The genus Mohoua is a small group of three birds species endemic to New Zealand: the pīpipi/brown creeper (Mohoua novaeseelandiae), the pōpokotea/whitehead (Mohoua albicilla) and, the subject of this post, the mōhua/yellowhead (Mohoua ochrocephala).
Emma and I have had encounters with pīpipi and pōpokotea before but, until visiting Whenua Hou, the mōhua had eluded us. All three species look similar in their shape, rough size and general mannerisms, but the mōhua is arguably the most striking.
We heard the mōhua before we saw them. Like our experiences with their cousins, they were most often spotted high above us in the trees peering down and chattering to one another.
A Few Mōhua Facts
Where are they found?
The mōhua is a forest dwelling song bird found only in the southern half of New Zealand.
What other names are they known as?
They are known by many names including yellowheads, bush canaries or custard heads (as their conservation scientists affectionately call them).
What do they eat?
They are mainly insectivorous. They spend a lot of time gleaning insects from the moss and bark of trees.
What do they look like?
They are small in size, being only about 15cm in length. As you’ll have seen in our photos, they have conspicuous yellow heads and breasts. They have rigid tail feathers which act as a prop for the birds as the work their way around a tree searching for insects. Their tail feathers are often very worn as a result of this.
What do they sound like?
Their call is often described as machine-gun like, a rapid chatter amongst cheerful melodic notes. Listen here and on the New Zealand Birds Online website. As they often forage in groups, they can create quite a cacophony!
Where do they lay their eggs?
They nest in tree hollows and can produce up to 4 eggs in a clutch.
The Usual Story
This will be a familiar story to all New Zealand naturalists: The story of the mōhua’s decline to near extinction.
Not so long ago, back in the 1800s, mōhua were very common. Being brightly coloured, they would have been a regular splash of yellow amongst the almost entirely green-brown native bush. Early European settlers named them bush canaries because they flocked together making incessant, melodious calls. However, this was not to last. With the arrival of these European settlers came deforestation and the introduction of predators in the form of rats, cats, stoats and possums to name a few. Soon, mōhua were driven from most native forest types except a few beech forests which provided enough insect food for them to hold on.
What are we left with?
According to the Department of Conservation, the mōhua’s population is currently less than 5000 birds. They are now absent from 75% of their historic range.
The 30 populations that are left can be split into four broad groups: populations east of the Southern Alps, Fiordland birds, Southland/Otago hill country birds, and those on predator-free off-shore islands (including those on Whenua Hou). Some of the islands where mōhua are now found were populated by purposefully translocated birds in order to help safeguard the mōhua’s future.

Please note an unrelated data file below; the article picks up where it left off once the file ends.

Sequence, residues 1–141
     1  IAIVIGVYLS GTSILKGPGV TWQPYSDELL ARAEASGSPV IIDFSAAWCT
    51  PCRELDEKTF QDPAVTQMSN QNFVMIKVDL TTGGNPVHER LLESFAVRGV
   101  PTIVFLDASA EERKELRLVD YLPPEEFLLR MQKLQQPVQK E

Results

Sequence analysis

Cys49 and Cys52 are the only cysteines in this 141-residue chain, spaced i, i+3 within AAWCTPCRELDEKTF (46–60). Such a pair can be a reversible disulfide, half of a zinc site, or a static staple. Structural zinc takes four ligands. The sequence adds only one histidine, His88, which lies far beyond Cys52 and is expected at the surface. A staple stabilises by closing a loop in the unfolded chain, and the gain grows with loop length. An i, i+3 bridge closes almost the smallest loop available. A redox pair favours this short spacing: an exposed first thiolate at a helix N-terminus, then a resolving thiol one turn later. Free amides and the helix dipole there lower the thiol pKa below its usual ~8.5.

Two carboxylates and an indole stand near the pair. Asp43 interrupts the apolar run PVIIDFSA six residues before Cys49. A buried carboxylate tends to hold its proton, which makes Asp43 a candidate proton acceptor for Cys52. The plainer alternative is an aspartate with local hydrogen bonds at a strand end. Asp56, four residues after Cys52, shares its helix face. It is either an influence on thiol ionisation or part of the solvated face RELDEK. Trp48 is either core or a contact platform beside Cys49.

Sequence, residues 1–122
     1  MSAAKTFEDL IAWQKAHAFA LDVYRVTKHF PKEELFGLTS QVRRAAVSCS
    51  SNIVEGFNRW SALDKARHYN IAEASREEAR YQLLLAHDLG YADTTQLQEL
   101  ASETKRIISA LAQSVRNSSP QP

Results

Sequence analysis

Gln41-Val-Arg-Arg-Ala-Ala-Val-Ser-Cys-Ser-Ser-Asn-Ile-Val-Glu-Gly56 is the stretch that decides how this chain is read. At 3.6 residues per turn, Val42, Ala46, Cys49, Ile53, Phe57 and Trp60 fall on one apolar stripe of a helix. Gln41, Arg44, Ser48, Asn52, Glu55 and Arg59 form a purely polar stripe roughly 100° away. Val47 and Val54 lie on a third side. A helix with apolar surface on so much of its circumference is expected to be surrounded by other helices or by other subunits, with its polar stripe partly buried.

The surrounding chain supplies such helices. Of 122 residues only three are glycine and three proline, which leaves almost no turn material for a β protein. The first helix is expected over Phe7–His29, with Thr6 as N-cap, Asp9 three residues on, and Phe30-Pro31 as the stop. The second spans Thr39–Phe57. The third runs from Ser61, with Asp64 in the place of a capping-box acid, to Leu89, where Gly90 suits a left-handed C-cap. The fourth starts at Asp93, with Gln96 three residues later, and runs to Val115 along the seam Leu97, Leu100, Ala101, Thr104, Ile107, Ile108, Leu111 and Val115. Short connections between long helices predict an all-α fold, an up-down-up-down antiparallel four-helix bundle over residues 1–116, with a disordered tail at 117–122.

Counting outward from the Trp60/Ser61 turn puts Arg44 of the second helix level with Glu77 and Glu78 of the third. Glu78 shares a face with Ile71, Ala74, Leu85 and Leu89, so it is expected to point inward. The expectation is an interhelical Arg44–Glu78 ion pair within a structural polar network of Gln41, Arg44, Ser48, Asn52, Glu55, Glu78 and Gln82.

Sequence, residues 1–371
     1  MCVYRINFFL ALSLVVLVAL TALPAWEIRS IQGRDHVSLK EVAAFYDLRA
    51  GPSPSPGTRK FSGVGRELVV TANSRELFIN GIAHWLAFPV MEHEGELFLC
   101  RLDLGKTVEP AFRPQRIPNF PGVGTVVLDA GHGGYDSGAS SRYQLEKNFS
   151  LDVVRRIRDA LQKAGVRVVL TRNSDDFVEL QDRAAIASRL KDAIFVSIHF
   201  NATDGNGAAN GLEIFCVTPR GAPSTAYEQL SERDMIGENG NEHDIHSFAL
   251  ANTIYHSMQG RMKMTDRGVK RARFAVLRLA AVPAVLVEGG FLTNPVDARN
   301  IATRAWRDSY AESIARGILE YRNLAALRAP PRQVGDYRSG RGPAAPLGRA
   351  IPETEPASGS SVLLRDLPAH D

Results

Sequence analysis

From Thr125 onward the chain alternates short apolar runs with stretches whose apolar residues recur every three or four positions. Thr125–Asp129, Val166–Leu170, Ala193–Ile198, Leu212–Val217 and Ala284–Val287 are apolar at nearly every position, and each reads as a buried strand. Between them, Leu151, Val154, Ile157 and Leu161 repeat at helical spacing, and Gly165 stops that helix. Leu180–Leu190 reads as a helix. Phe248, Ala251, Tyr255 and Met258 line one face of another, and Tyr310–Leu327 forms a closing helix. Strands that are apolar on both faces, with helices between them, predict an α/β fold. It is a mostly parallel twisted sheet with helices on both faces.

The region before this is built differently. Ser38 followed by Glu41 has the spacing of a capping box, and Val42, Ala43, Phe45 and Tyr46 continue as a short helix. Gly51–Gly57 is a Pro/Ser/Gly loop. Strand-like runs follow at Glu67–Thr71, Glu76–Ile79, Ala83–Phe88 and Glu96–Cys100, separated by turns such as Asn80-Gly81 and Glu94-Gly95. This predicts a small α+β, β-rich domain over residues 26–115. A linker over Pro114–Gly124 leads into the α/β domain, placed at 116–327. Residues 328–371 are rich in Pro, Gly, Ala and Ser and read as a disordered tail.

The Department of Conservation initiated the Yellowhead/mōhua recovery plan which has the goal to “maintain and enhance mōhua populations throughout their present range and beyond, by halting and reversing the degradation of the forest ecosystem.” There is also the Mōhua Charitable Trust which is dedicated to restore Mōhua and other native fauna populations back to the numbers that were once found in New Zealand’s native forests.
A Positive Note
Unlike many of the declining New Zealand native birds, mōhua have a life history trait which can act in their favour when it comes to their chances of population recovery: They can lay 4 eggs in a clutch and can produce two clutches in a good year. This means that with the right kind of conservation measures (measures which allow them the chance to breed, find nest spots, a good amount of food and avoid predation) could result in strong population gains.
An example of this in action can be found in the Landsborough Valley in South Westland. Following sustained predator control to suppress rats, stoats and possums, the mōhua’s population increased 30 fold to become the most common bird counted in the study area in 2019. You can read a news story about it here.
Here is hoping that with a little help, those living down south will not have to travel far to hear and see these birds in the future as they slowly return to their historic range.
Until Next Time
(…”next time” has been taking quite a while these days!)
Now we have met the mōhua, it will soon be time to spot some sundews (the focus of Emma’s next post). Read more about Whenua Hou and our other wildlife encounters here:
References and Further Reading
Department of Conservation – Yellowhead/Mohua – https://www.doc.govt.nz/nature/native-animals/birds/birds-a-z/yellowhead-mohua/
The Mōhua Charitable Trust – Homepage – http://www.mohua.co.nz/index.html
New Zealand Birds Online – Yellowhead – http://www.nzbirdsonline.org.nz/species/yellowhead
Scoop – Mohua goes from rare to common in 21 years – https://www.scoop.co.nz/stories/SC1905/S00011/mohua-goes-from-rare-to-common-in-21-years.htm